You might also look at what negative motivators you are using with your employees. As Deci wrote, “[A]ny occurrence that undermines people’s feeling of autonomy–that leaves them feeling controlled–should decrease their intrinsic motivation … [so it is] necessary to determine what other events … beyond rewards, are likely to be percieved by people as controlling–as limiting their autonomy.” Threats and coercion act like money, providing short term motivation in the desired direction, but overall damaging the natural motivation of your employees. The degree of impact may be directly related to the level of control you wield through external means.

Deci later states that “People’s need for autonomy, their need to be a causal agent in managing themselves, provides the energy for integrating … a regulation.” There is a difference between achieving compliance and achieving buy-in with your corporate standards, strategy and rules. If the external motivator is strong enough (monetary incentives, threats, etc.) a manager can get employees to submit to the corporate ideals, even though they may be sincerely opposed to the plan or the manner in which it is being carried out. To be sure, some amount of social directing is necessary to help markets run more efficiently, as the supply of goods and services would undoubtedly be chaotic if everyone was paying attention only to what they wanted to do, instead of what the market was asking for. However, we can still learn lessons as managers.

When hiring, ask more questions about the potential hire’s interests in your industry, not just their qualificiations for the position. Hiring someone who genuinely cares about and is interested in what your company is doing will increase the likelihood that that employee will think about your business “off the clock” and be aware of industry developments that could be early signs of threats or opportunities for your company. You may also need to spend less time policing their efficiency and/or get a slight break on payroll, since you will essentially be paying someone to do many things that they are interested in doing anyway. In your ongoing relationship with that employee, you may find it easier to give them true stewardship in their job function based on their passion and competence in that area, which will lighten the load on yoru shoulders to deal with heavier matters in the administration of your venture.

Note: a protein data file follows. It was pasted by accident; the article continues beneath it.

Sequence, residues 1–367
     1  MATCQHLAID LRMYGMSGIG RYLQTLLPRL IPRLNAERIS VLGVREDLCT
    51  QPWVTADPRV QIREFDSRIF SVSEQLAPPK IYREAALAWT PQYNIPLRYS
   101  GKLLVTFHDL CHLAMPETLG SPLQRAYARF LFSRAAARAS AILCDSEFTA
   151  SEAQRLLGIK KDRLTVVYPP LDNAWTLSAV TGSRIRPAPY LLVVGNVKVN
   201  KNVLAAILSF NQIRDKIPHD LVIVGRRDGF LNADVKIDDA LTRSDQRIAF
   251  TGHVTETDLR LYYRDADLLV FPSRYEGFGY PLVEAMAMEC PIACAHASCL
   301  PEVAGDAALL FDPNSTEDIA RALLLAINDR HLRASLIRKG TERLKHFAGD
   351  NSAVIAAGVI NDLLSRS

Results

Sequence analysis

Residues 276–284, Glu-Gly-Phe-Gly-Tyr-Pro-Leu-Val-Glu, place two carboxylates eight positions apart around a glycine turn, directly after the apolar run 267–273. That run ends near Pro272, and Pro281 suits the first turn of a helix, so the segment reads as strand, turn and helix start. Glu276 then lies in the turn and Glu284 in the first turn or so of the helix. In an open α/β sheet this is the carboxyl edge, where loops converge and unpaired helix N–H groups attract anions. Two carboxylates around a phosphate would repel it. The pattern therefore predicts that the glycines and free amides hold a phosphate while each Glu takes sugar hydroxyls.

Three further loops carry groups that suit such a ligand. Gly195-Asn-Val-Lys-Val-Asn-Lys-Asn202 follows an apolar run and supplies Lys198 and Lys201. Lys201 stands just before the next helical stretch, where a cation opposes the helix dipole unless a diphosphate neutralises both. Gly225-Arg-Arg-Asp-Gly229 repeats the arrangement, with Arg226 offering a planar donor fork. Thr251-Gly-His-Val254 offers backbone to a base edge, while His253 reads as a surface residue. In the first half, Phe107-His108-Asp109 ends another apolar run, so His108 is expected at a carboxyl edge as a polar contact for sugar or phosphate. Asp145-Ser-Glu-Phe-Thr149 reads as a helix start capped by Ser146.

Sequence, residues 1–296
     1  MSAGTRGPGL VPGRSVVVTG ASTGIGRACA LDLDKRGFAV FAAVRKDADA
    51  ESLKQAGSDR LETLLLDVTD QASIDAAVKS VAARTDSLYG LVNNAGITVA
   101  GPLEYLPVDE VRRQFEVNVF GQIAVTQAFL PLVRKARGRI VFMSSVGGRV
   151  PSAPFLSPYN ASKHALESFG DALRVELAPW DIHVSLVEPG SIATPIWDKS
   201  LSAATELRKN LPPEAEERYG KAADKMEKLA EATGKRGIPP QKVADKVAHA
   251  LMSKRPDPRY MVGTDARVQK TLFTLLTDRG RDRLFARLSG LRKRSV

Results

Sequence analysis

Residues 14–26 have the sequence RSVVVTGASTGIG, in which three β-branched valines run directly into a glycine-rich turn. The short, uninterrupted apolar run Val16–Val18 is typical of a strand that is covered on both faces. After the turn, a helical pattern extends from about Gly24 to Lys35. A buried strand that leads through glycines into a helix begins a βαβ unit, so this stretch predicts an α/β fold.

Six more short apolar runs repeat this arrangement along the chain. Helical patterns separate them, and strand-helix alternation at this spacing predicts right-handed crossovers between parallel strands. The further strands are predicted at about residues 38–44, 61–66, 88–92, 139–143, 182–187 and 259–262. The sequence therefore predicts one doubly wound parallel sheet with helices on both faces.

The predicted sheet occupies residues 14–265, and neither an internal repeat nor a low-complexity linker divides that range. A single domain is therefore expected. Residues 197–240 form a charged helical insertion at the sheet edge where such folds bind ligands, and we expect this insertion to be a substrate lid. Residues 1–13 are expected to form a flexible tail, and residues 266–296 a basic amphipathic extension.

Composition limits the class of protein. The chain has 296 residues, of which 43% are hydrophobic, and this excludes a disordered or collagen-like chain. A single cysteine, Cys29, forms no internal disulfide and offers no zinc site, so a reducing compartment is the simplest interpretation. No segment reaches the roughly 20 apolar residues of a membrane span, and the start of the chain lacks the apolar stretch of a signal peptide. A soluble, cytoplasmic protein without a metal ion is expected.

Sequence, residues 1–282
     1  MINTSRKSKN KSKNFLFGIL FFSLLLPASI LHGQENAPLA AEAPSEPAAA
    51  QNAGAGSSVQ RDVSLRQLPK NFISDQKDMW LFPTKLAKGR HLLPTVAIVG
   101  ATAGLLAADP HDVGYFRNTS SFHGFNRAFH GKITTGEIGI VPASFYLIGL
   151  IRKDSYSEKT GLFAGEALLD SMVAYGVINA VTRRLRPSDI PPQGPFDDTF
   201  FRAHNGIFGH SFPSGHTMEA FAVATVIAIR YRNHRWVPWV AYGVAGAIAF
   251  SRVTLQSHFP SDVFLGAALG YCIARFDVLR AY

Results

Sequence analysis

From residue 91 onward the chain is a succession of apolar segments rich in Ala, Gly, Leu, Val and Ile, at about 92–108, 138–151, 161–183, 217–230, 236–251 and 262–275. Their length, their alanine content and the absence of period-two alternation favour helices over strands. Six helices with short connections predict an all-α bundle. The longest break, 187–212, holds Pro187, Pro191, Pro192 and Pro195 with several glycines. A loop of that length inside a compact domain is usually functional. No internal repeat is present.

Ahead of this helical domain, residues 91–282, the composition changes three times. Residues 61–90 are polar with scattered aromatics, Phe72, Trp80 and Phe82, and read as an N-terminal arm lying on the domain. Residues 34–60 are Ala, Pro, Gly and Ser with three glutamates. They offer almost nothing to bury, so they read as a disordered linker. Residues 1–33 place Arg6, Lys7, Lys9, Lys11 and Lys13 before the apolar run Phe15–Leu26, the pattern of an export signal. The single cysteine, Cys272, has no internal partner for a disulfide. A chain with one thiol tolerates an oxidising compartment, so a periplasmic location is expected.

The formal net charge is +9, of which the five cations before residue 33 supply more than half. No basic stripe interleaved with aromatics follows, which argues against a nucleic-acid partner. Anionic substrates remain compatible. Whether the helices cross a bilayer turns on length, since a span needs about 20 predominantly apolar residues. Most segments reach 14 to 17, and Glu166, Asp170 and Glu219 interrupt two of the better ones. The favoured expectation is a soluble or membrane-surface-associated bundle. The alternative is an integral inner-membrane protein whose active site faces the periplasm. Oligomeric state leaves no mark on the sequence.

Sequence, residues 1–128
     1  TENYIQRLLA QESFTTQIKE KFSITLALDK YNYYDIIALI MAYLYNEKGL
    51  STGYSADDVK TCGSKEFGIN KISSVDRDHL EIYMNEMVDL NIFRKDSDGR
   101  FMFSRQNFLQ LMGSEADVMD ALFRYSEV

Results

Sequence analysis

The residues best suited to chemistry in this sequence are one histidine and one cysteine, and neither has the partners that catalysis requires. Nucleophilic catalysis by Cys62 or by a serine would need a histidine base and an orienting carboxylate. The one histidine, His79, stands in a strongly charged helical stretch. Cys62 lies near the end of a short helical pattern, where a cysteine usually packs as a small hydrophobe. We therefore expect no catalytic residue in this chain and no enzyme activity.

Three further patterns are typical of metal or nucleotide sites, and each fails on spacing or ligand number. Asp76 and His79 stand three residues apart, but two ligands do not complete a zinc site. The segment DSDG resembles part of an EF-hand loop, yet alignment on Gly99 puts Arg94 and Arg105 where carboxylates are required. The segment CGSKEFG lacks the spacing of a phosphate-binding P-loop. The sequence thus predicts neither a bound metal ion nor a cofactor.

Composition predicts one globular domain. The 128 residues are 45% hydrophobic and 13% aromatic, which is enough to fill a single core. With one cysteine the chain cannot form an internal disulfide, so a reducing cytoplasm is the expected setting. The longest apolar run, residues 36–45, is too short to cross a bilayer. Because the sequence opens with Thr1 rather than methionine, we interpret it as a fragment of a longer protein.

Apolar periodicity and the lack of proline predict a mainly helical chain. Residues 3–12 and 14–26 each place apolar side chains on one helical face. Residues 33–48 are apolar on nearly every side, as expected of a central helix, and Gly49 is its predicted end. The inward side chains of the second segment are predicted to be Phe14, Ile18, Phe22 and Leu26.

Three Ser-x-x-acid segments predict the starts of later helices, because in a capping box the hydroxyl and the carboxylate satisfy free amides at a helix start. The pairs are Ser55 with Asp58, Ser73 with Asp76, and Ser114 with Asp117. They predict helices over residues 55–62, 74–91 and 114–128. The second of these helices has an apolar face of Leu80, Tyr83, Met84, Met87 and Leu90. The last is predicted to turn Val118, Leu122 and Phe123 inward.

I would even dare agree with (and paraphrase) Deci when he wrote, “For a [company] to function effectively, its individual [employees] must, to some extent, adopt the [company]’s values and mores.” This is a delicate process. First, the motivation and the individual’s personal values have to merge together. This is a difficult prospect when positive reinforcements are forcing unnatural behavior (going all day to a job one hates), and a disaster with negative motivation (keeping employees present and productive primarily through threats and coercion). Second, the more the values of the management philosophy and subject matter of the industry are dissimilar to those of the employee, the more difficult this values integration process will be.

Well, this review is already quite a bit longer than I intended it to be and yet doesn’t even begin to touch on the depth of this book. Reading it was an extraordinarily thought-provoking experience. Though some readers will still find that this book has a relatively academic feel, I thought the authors did a great job of striking the balance between giving a sampling of the deep academic, and at times philosophic, thought supporting their work and making it accessible to the every-day practitioner (small-business owner, manager, etc.). It is definitely worth reading for anyone interested in trying to gain true efficiency from themselves and their employees.      

Posted By: TJ
Last Edit: 28 Mar 2008 @ 07:44 AM

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 16 Jan 2008 @ 11:54 PM